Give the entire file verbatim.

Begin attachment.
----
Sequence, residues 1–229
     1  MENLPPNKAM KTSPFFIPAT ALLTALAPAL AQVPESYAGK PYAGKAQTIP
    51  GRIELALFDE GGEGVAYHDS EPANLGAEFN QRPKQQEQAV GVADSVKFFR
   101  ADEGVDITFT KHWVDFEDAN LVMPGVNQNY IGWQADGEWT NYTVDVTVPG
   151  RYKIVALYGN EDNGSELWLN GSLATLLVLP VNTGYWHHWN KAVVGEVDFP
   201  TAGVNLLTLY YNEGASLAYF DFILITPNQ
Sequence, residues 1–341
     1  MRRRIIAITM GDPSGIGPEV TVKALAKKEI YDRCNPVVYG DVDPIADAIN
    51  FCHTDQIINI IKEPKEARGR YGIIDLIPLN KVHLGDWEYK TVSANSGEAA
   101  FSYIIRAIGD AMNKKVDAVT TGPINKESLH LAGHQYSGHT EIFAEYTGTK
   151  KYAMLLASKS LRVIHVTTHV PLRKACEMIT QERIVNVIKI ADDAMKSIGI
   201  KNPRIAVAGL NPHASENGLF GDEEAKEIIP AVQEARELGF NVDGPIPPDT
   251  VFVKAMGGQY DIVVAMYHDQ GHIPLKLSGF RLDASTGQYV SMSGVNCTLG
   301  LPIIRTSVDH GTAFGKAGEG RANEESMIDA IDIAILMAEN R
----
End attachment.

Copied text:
Sequence, residues 1–229
     1  MENLPPNKAM KTSPFFIPAT ALLTALAPAL AQVPESYAGK PYAGKAQTIP
    51  GRIELALFDE GGEGVAYHDS EPANLGAEFN QRPKQQEQAV GVADSVKFFR
   101  ADEGVDITFT KHWVDFEDAN LVMPGVNQNY IGWQADGEWT NYTVDVTVPG
   151  RYKIVALYGN EDNGSELWLN GSLATLLVLP VNTGYWHHWN KAVVGEVDFP
   201  TAGVNLLTLY YNEGASLAYF DFILITPNQ
Sequence, residues 1–341
     1  MRRRIIAITM GDPSGIGPEV TVKALAKKEI YDRCNPVVYG DVDPIADAIN
    51  FCHTDQIINI IKEPKEARGR YGIIDLIPLN KVHLGDWEYK TVSANSGEAA
   101  FSYIIRAIGD AMNKKVDAVT TGPINKESLH LAGHQYSGHT EIFAEYTGTK
   151  KYAMLLASKS LRVIHVTTHV PLRKACEMIT QERIVNVIKI ADDAMKSIGI
   201  KNPRIAVAGL NPHASENGLF GDEEAKEIIP AVQEARELGF NVDGPIPPDT
   251  VFVKAMGGQY DIVVAMYHDQ GHIPLKLSGF RLDASTGQYV SMSGVNCTLG
   301  LPIIRTSVDH GTAFGKAGEG RANEESMIDA IDIAILMAEN R